Comics fans (including me) have been abuzz due to the new BOOM! Studios Giant Days Library Edition Kickstarter. And it's off to a great start! Only 11 days in, and the page, which had an original goal of $10,000, has already raised $68,973 from 293 backers (as of writing).
This edition is notable as a library edition that is literally going to benefit libraries (BOOM! Promises to donate "hundreds of free GIANT DAYS LIBRARY EDITION VOL 1 books to actual libraries" and an extra copy for every $5 donated) and because it finally fills out the long-awaited Not on the Test edition, which fans had originally started collecting five years ago only to find out that the final four volumes would not be produced. Now, through the Kickstarter, those fans can collect the "Final Four" volumes or the entire set.
While all this success is well and good, this project does mark the third Kickstarter that Boom Studios has recently launched to sell a collection of an already popular, already finished comic, following last month's collection of Mark Waid and Peter Krause's Irredeemable (which made $345,873 with 1,864 backers) and last year's collection of Mighty Morphin Power Rangers (which made $804,018 with 1,584 backers). The vast success of these Kickstarters for books that have already been quite successful for BOOM! raises the question (beyond the obvious one of whether or not these projects or these publishers should be on Kickstarter in the first place) of whether or not Kickstarter is BOOM!'s new pre-order system for some titles?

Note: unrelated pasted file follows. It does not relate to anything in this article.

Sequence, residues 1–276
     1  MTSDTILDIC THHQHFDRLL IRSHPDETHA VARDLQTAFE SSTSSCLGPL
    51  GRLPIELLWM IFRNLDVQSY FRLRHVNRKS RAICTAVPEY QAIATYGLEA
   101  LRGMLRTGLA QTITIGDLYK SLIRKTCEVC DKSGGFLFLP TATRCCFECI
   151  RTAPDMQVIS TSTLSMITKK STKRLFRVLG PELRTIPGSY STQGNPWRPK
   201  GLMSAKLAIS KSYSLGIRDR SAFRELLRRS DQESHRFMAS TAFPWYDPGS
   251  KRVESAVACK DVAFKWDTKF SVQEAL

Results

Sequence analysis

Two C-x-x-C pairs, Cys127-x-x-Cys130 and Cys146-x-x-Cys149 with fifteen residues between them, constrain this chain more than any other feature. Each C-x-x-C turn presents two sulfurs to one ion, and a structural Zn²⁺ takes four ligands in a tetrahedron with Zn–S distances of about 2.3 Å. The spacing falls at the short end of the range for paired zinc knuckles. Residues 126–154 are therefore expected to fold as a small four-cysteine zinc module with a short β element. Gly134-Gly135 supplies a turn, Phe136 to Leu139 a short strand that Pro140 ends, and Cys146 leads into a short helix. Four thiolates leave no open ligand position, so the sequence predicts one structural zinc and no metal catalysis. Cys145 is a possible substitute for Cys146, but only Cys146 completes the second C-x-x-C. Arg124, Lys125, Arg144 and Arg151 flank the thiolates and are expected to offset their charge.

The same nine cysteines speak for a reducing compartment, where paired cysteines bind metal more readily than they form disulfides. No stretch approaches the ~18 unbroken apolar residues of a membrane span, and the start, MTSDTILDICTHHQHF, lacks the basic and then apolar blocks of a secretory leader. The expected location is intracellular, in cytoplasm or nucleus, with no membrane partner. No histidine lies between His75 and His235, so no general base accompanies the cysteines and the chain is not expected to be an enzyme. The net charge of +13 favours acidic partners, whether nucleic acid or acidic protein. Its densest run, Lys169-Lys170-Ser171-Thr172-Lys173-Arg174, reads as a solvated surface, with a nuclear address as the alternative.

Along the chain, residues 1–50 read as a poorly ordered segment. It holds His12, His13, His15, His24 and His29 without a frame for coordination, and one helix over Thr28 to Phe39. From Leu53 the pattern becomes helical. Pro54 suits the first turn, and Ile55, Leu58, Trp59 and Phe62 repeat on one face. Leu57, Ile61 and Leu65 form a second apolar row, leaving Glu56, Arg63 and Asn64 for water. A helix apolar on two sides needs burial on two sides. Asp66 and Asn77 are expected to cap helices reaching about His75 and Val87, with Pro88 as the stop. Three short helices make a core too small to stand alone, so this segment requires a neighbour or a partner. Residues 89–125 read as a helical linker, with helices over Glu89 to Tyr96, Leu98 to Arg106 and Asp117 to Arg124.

This is complicated (at least in this specific case) with the added context that BOOM! once attempted to make hardcover editions of Giant Days but, we assume, failed to make the logistics and/or financials work. For BOOM!, this may simply be the most secure way for publishers to move forward with hard copies in an increasingly digital market. However, Kickstarter has a reputation of and focus on supporting independent creators with projects that supposedly would not find funding elsewhere. While that may include, in this specific case, hardcover Giant Days editions, it likely does not include collections of Irredeemable and Power Rangers.
Overall, the relationship between fans and the appearance of established comics publishers on Kickstarter has been varied. In 2015, there was a loudly derided campaign from Archie Comics (which was pulled from Kickstarter only to be followed much later by a successful Kevin Keller campaign last year) and mixed response (though overwhelming financial success) for BOOM!'s 2020 Kickstarter for Keanu Reeves, Matt Kindt, and Ron Garney's original comic BRZRKR and Legendary Comics' 2022 Kickstarter for Oscar Isaac, Christian Ward, and Brian Buccellato's original graphic novel Head Wounds: Sparrow.
Considering the massive success of BOOM!'s recent Kickstarter collections, it's likely that we'll see BOOM! launch even more of these projects, perhaps even in the next few months. And maybe, since so many other comics publishers have been dipping their toe into the waters, other companies may follow suit, and we may be looking at the future of hard copy comics collection pre-orders.
Kickstarter is not the only change in comics distribution. Check out this Popverse piece on What is going on with comic book distribution, and why should fans care?